Home Owner Associations in Charlotte

Home Owner Associations in Charlotte

Home owner associations wmdgouls | homeowners association are designed to make a community more livable by creating and enforcing rules that must be followed by all residents. But these rules can also restrict homeowner choices and cause homeowners to pay fees that they may not need to.

Some declarants and management companies deny homeowner requests for financial records and board meeting minutes. This can lead to expensive legal fights that can be detrimental to homeowner’s finances.

Rules and Restrictions

Homeowner associations are tasked with setting rules and making sure homeowners within their jurisdiction adhere to them. This includes establishing appearance guidelines that help to keep property values high and head off neighbor disputes over things like how often lawns should be mowed.

While these regulations can be restrictive, they are usually designed to protect everyone’s rights in the community. For example, HOAs will likely not allow people to paint their homes anything other than a standard color. They will also have standards for how much clutter is displayed around a house.

If you’re considering a home in an HOA, request a copy of its governing documents and any conflict resolution policies. You can also ask about any past or pending lawsuits. This will give you an idea of how well the HOA functions as a hyper-local government. You can even volunteer to serve on a board to become extra familiar with how the association functions.


HOA fees can cover nearly anything the organization deems necessary for the community, including shared spaces and amenities, insurance, landscaping costs, trash service, inspections, and even water bills. However, homeowners should request a copy of the budget to see exactly how the association is spending its money, as this will reveal any areas where costs could be lowered.

Additionally, homeowner associations are tasked with making and upholding community regulations designed to protect property values. This often means appearance-oriented guidelines that uphold standards for how homes and yards should look.

Homeowners who become involved with their neighborhood’s board may be able to help make these decisions by volunteering for positions on committees within the community. This can be a great way to get to know your neighbors and also take part in making the community better.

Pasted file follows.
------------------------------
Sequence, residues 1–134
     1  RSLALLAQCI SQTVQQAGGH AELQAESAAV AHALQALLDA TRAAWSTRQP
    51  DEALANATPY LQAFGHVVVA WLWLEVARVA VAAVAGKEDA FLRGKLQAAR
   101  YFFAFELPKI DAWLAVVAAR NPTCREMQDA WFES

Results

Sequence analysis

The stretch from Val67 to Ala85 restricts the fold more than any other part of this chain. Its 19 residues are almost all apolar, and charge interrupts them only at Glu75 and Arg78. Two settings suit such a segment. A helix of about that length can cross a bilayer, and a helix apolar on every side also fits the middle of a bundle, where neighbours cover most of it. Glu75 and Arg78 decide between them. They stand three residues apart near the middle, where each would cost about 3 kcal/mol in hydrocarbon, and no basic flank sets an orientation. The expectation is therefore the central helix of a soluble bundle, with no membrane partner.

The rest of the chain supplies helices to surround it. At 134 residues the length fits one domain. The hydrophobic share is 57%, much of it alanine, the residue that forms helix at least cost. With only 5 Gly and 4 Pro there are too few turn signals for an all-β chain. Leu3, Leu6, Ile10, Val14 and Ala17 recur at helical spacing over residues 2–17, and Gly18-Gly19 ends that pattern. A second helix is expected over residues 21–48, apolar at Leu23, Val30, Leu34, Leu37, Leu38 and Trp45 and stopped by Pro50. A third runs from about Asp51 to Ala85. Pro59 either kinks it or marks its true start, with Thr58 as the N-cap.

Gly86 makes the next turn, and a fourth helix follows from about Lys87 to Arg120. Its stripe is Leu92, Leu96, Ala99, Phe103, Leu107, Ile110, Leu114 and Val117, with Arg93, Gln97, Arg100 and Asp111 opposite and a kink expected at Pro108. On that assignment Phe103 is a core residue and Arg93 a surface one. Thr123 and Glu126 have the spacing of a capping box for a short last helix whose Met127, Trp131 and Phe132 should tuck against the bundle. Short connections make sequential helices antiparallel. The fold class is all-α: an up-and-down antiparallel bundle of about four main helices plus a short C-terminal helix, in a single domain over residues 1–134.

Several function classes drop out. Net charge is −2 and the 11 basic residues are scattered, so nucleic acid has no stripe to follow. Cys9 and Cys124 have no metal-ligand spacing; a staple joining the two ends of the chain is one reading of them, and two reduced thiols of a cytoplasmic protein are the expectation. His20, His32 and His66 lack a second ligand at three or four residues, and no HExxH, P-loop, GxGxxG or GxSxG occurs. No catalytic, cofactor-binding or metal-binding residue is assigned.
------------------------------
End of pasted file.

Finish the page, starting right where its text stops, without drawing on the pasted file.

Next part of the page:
Management Company

An HOA is a non-profit corporation owned by the homeowners in a development and managed by elected Board members. It is bound by legal documents known as Covenants, Conditions and Restrictions (CC&R’s) which are recorded in the County Register of Deeds office and included with your title to property.

Those documents spell out the business and residential community aspects of your neighborhood, and impose rules that you must follow. They also dictate how your yard is maintained and what you can do with your home’s exterior.

As HOA management companies grow, they can outgrow their staff and need additional support. A professional management company may be able to save you time, money and hassle while providing the expert support your HOA needs.

Buying a Home in an HOA

As a prospective home buyer, you have a right to review and understand the HOA’s governing documents before agreeing to purchase the property. This will be part of your due diligence process, and you should ask your real estate agent for a copy of the Declaration of Covenants, Conditions, and Restrictions (CC&R) or contact the HOA directly to request them.

CC&Rs can impact everything from whether you can put up a basketball hoop in your backyard to how much paint you can use on your house. They can also affect the amount of fines you can face if you don’t follow community rules.

You should also know if the association has debt or if there are special assessments coming up in the future that can impact your monthly cost of ownership. You can also ask about the amount of money in the reserve account, which is the HOA’s savings account to cover maintenance and unexpected repairs for shared amenities.